Did the Mars rover need wipers? NASA finally offers an explanation

When the Opportunity rover landed on Mars in 2004, the team that operated it was relieved because the descent went according to plan and all the obstacles that were otherwise in abundance were overcome.

The rover then began roaming around Mars and collecting data, but then a big problem arose.

A sandstorm that occasionally reaches global proportions on Mars also engulfed the rover and covered its solar panels with a thick, non-porous layer of dust. And to make things worse, the rover was supplied with energy through those panels.

Of course, this jeopardized the entire mission!

Since then, readers and fans of Mars rovers around the world have often asked why NASA the same question. The same NASA that is able to precisely land a rover on a planet 200 million kilometers away, and whose scientists and engineers know the meteorology of Mars well, so how did they not foresee a solution for blocking the Sun’s energy?

And the solution is so simple: it is enough to install wipers that wipe the windshield on cars. That is one of the vexing questions.

Recently, the answer was offered in the journal Astronomy. Everything comes down, as the magazine says, to trade, calculations and haggling.

Of course, engineers can make wipers for the panels, or come up with some other even more efficient solution, some vacuum cleaners for dust or the like, but any such solution would be at the expense of the price, mass, volume, and energy of the rover.

So, the rover would be a bit more expensive (the problem of money always exists, even for NASA), or it would be at least a little heavier (and every gram is taken into account). According to this statement, its volume would increase, which is also a problem, and besides all that, wipers would use up precious energy.

One or even all of these problems may present themselves to mission planners. If wipers like that were to be installed, it would perhaps mean that some scientific instrument had to be discarded!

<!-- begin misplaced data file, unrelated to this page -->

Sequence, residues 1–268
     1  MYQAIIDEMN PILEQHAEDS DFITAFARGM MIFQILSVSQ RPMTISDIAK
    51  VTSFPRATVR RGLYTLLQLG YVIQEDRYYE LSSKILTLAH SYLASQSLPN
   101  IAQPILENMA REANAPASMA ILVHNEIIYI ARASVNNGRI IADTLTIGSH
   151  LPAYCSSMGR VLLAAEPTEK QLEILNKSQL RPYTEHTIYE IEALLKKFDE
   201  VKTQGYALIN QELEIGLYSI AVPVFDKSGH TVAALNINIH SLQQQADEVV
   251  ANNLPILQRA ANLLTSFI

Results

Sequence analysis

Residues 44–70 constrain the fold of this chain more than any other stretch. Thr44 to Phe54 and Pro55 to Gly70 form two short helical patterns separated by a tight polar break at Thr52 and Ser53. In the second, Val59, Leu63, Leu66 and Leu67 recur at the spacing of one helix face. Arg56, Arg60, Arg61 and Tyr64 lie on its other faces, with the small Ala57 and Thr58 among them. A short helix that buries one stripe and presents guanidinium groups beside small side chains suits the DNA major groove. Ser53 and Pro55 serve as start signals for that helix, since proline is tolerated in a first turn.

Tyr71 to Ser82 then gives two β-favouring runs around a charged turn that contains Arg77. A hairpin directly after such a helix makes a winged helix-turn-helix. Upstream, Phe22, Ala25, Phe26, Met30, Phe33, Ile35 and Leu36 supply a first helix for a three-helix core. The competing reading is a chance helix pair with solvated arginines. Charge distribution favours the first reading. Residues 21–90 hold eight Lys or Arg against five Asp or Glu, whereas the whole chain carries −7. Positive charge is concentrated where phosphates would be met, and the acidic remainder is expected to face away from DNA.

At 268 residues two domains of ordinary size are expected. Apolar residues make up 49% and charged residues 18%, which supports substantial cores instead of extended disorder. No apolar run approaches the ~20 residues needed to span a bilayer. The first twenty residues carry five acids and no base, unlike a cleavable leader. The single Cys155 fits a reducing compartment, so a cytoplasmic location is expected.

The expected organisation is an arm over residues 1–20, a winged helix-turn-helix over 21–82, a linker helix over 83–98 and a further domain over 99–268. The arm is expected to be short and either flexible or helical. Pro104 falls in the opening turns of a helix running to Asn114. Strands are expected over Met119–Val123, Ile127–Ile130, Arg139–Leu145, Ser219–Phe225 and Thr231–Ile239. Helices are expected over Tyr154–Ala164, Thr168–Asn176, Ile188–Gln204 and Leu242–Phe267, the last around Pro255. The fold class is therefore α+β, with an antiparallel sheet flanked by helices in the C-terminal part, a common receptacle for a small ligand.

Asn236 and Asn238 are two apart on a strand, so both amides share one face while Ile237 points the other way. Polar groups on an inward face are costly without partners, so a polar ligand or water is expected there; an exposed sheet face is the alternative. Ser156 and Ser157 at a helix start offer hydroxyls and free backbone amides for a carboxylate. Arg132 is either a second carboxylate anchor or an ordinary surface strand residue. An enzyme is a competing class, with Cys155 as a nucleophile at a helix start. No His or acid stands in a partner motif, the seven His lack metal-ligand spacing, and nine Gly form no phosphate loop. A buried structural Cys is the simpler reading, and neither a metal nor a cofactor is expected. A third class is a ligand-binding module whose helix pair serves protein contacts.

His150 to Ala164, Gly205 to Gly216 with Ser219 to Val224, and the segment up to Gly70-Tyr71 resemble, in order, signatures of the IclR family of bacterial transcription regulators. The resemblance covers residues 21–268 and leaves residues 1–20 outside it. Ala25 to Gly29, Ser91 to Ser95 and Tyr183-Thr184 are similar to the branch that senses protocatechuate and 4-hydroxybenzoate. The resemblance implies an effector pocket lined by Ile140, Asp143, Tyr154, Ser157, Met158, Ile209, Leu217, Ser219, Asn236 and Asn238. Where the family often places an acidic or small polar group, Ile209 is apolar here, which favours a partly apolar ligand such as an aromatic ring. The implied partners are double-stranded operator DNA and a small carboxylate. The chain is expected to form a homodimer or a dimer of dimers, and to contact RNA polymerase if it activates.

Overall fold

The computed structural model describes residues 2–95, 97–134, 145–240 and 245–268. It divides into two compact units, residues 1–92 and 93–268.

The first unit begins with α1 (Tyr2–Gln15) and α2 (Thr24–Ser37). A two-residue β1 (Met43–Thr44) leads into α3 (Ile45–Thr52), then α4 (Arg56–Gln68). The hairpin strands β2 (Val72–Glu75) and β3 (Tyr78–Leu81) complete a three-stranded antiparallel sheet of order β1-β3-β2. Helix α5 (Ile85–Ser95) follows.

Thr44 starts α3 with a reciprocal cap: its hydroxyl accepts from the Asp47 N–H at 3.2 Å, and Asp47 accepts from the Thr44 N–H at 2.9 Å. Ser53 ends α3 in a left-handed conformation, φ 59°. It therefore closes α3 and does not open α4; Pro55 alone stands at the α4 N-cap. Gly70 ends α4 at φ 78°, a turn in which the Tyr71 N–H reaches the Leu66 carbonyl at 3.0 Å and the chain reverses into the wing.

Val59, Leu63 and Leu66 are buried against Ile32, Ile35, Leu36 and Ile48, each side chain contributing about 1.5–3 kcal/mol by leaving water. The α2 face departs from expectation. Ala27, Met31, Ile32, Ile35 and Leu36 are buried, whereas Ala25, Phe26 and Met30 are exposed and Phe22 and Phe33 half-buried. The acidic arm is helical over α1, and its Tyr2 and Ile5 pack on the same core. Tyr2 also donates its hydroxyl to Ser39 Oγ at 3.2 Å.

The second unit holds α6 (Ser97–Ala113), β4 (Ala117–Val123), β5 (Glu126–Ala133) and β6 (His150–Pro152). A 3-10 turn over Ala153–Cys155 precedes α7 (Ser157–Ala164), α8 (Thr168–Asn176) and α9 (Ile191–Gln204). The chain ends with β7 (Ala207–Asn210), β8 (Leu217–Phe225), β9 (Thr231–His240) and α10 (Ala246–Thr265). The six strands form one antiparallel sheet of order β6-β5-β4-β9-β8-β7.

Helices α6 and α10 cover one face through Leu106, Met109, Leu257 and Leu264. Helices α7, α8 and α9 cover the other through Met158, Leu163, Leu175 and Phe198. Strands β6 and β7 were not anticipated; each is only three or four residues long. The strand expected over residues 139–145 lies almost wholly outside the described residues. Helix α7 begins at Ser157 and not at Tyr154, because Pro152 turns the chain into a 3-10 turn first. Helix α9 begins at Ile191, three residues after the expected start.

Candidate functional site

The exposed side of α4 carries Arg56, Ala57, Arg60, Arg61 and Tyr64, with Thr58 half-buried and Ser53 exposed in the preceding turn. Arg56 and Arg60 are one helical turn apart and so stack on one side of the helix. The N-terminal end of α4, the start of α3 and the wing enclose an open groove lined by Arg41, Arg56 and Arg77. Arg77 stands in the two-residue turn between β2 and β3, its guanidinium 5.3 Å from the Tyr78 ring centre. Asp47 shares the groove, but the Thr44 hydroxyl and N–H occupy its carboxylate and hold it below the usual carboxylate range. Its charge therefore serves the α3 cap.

Well, that being said, this explanation doesn’t seem very convincing, as the dusty panels lead to the end of the mission. But on the other hand, any operator will tell you: yes, it would be nice if the rovers had wipers, but you see, the rovers still work well without them.

They are designed to withstand all the weather and adversity on Mars.

Apart from that, some might point out that the rovers performed brilliantly and even exceeded their programmed service life many, many times over – so why would they burden the already complicated program of the rover’s work just to keep the batteries nicely charged even after the end of the rover’s service life?

One can only wonder which makes more sense.

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Glogovac Nevena-Nancy is a geodesy & geoinformatics engineer by trade and a wordsmith at heart. By holding onto fate’s rocky learning curve and her natural flair for the extraordinary, the worlds of science and creativity melted and unified into a singular path. Moreover, having been born on the same soil as the geniuses Nikola Tesla, Mihajlo Pupin and Milutin Milankovic provided an educational basis for Nevena to continue the voyages they had begun. Led simply by the curious need to discover more. A small but meaningful contribution to this personal endeavor has been joining forces with the visionary OSR team, where astrology and astronomy go back to their common roots, so 'If you want to find the secrets of the universe, think in terms of energy, frequency and vibration.'